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The Thatcher Legacy
Whatever your political views, Mrs Thatcher and her government changed the face of UK employment law forever and principally in the context of the union movement.
One statistic produced suggested that 29 millions days were lost to industrial action in 1979, during the Winter of Discontent. By the end of Mrs Thatcher’s administration in 1990 less than 2 million days were lost and that figure has fallen ever since.
Mrs Thatcher believed the unions were too powerful and the labour market too inflexible to cope with the changing face of national and world economics. The Thatcher government therefore changed the union laws in 1980 to restrict the operation of “closed shops” and “secondary action” whereby sympathetic unions could strike in support of another union.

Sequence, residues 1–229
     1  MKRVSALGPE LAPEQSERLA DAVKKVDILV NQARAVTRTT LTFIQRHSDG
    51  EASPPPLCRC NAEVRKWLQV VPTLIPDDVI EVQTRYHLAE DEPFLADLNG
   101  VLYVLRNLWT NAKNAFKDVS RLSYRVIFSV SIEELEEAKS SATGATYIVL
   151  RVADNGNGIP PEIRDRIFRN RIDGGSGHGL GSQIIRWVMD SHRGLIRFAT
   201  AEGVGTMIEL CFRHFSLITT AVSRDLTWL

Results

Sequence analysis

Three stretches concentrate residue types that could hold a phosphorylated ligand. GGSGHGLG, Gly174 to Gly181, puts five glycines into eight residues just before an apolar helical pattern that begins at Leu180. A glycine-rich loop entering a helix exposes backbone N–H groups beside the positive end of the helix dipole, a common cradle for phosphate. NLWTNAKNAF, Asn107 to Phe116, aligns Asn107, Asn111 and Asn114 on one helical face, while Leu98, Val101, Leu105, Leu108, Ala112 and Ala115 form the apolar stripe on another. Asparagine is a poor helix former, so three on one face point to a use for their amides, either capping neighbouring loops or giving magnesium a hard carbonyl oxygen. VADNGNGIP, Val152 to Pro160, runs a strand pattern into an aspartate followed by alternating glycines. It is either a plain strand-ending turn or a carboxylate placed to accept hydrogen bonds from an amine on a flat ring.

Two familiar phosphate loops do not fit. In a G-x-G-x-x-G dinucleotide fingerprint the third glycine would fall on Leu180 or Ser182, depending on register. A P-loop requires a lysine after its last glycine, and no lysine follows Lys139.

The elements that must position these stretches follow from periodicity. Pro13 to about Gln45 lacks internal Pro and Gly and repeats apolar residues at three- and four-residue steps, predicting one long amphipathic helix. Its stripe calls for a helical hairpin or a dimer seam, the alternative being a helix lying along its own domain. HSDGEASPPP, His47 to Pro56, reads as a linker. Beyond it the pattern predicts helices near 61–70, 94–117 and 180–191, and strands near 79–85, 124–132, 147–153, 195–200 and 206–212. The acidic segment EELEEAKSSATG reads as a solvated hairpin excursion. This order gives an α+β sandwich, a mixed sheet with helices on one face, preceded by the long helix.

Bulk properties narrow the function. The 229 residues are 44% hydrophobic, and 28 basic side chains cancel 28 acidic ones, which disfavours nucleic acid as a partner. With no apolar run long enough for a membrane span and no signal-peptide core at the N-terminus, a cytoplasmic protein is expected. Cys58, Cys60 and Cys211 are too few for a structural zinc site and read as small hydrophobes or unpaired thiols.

In 1982, “closed shops” were restricted even further, there was a curb on compensation for dismissals relating to union action and a significant change allowing legal action to be taken against unions’ funds in the event of unlawful strikes.
In 1984 further legislation which required that each union undertake a secret ballot of its members before it could begin strike action. This proved costly to the National Union of Miners, led by Arthur Scargill, who failed to ballot its members before calling a strike in March 1984 leading to substantial fines and claims in damages against the union, whose funds were later frozen.
Mrs Thatcher’s time in government brought employment relations to the forefront. In the decades that followed from her administration, the law has been radically overhauled and the individual workers rights increased dramatically in areas such as minimum wage, discrimination and flexible working. Mrs Thatcher may not have approved of these developments but her own contribution to employment law is undeniable.